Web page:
Hutchison wharfies strike over automation

Wharfies in Sydney and Brisbane walked off the job for 24 hours on Friday (05/04) to protest Hutchison Ports ongoing refusal to move away from outsourcing of jobs and overseas remote controlling of already semi-automated equipment.
“Outsourcing our jobs for greater profit and remote controlling to workers who may be paid $2 per hour will continue to be challenged by the workforce and their union,” Maritime Union of Australia assistant national secretary Warren Smith said.
“Wharfies’ work is wharfies’ work and we will resist every effort to give that work to others regardless of how much or little they are paid, we suspect little in this case.”
The union has had several instances and clear cases of harassment identified in its Brisbane operation, drawing scathing criticism from the Queensland Branch.
MUA QLD assistant branch secretary Paul Petersen said: “This is not a fight about wages, this is a fight for basic conditions, job security and not having our jobs outsourced overseas. It’s about automation and not being replaced by a robot and most importantly it’s about being able to work in a safe environment free from harassment.”
The situation in Sydney has seen the constant and vigilant action of the MUA Sydney Branch save lives in an environment where safety is not treated with the priority it should be by Hutchison Ports.
MUA Sydney branch secretary Paul McAleer said: “Hutchison’s notorious anti-union agenda around the world is attempting to sink the wages and conditions, job security, and health and safety of wharfies in Sydney and Brisbane.
“Their plan to be the budget airways of Australian stevedores seeks to undermine decades of work to create jobs with justice and dignity, all so they can return more profits to one of the richest men on earth.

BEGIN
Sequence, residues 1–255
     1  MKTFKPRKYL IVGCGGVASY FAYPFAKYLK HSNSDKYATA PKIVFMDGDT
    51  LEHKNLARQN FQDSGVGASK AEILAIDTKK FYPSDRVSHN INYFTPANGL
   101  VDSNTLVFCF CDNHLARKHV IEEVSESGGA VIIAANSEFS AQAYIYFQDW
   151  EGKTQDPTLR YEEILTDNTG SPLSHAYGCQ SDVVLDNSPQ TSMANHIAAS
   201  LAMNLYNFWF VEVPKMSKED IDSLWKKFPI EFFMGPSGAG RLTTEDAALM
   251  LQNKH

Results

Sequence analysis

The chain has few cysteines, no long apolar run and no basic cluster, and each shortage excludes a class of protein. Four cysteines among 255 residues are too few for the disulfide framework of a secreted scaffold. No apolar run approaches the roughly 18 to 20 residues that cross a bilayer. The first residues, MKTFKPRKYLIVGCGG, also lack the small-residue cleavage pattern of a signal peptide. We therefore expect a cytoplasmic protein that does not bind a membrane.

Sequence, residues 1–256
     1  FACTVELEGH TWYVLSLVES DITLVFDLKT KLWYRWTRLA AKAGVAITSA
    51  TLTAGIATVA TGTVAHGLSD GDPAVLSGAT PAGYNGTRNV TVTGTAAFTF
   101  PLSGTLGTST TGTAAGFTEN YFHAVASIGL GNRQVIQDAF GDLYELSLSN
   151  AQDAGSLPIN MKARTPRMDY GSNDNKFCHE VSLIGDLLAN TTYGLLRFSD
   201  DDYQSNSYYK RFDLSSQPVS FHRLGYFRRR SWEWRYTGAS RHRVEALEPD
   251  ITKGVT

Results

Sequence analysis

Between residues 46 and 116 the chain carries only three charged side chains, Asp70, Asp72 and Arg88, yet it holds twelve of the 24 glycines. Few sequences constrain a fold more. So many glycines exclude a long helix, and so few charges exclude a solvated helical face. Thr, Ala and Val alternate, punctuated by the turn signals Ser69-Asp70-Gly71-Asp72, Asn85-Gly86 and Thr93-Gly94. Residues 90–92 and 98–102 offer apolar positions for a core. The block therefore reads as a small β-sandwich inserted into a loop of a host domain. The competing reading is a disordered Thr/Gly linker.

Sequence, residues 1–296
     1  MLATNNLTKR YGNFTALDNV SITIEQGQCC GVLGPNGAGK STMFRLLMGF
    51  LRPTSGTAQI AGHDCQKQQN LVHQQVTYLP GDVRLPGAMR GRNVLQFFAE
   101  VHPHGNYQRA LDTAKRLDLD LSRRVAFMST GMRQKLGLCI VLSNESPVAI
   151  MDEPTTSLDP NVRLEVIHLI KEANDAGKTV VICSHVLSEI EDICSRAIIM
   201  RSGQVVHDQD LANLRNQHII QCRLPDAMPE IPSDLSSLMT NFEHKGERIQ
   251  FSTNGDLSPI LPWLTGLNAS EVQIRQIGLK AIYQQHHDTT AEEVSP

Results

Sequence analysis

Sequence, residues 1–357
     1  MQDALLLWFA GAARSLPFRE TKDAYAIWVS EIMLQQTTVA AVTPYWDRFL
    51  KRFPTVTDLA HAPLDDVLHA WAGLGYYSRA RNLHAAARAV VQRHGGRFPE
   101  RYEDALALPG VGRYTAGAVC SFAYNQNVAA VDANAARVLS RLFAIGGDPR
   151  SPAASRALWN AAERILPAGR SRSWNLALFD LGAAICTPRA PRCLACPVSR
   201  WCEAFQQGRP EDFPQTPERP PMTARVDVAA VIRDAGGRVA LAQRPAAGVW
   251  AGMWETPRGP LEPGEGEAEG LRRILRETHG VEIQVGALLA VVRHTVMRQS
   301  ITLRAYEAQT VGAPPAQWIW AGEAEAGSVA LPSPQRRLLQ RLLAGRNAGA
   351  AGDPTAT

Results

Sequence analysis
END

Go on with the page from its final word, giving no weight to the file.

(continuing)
“The MUA will fight this billionaire for as long as it takes to win an Enterprise Agreement that our members can be proud of.”
Mr Smith blamed Hutchison management for forcing the hand of workers.
“Hutchison has not picked up the phone once to try and schedule meetings despite us having tried to do so,” he said.
“They tell blatant anti-union lies to their workforce to foster division and discontent.
“It’s the same tactics we see from this company all around the world and we’re a wake up to it and will fight it.”

Hutchison to be hit with wharf strike

Workers employed by Hutchison Ports in Sydney and Brisbane have voted to commence broad-ranging industrial action, accusing the company of launching the most severe attack on waterfront conditions in a generation, the Maritime Union of Australia said.
The protected action ballot of Hutchison Ports workers from Port Botany and the Port of Brisbane, conducted by the Australian Electoral Commission, recorded 98.4 per cent support among union members for a series of rolling work stoppages, along with a range of other actions. The first round of industrial action, involving bans and limitations, will commence on Thursday 17 January.
Negotiations over a new workplace agreement covering Hutchison Ports workers in Sydney and Brisbane reached a stalemate, the MUA said, after the company “refused to back away from plans to slash wages and conditions, along with automating some roles and outsourcing other jobs”.
The Maritime Union of Australia said the company’s demands include: a 2.5 per cent cut to superannuation; reductions to sick and parental leave; cuts to redundancy and long service leave; removal of income protection; wage cuts of up to $10 per hour followed by a wage freeze; and reductions to safety standards, including the loss of full-time first aiders and removal of personal protective equipment.
MUA assistant national secretary Warren Smith said the attempt by this multi-national port operator “to slash the pay and conditions of Australian workers left them with no choice but to take industrial action.
“The world’s largest stevedore, the same company that sacked 97 workers by text message in 2015, is now telling its Australian workforce that it wants to slash their wages and conditions,” Mr Smith said.
“If Hutchison gets its way, waterfront workers would be left 26 per cent worse off in retirement based on the company’s planned cuts to their superannuation entitlements, while redundancy payments would be halved for the average worker, as would long service leave.